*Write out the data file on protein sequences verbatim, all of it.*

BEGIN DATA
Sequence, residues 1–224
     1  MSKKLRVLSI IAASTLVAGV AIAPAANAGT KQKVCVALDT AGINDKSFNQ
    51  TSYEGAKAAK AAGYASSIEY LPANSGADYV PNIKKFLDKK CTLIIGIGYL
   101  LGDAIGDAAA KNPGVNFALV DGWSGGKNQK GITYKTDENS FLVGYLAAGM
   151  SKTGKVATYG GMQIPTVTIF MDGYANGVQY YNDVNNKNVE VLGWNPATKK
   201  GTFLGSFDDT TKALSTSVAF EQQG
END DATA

Sequence, residues 1–224
     1  MSKKLRVLSI IAASTLVAGV AIAPAANAGT KQKVCVALDT AGINDKSFNQ
    51  TSYEGAKAAK AAGYASSIEY LPANSGADYV PNIKKFLDKK CTLIIGIGYL
   101  LGDAIGDAAA KNPGVNFALV DGWSGGKNQK GITYKTDENS FLVGYLAAGM
   151  SKTGKVATYG GMQIPTVTIF MDGYANGVQY YNDVNNKNVE VLGWNPATKK
   201  GTFLGSFDDT TKALSTSVAF EQQG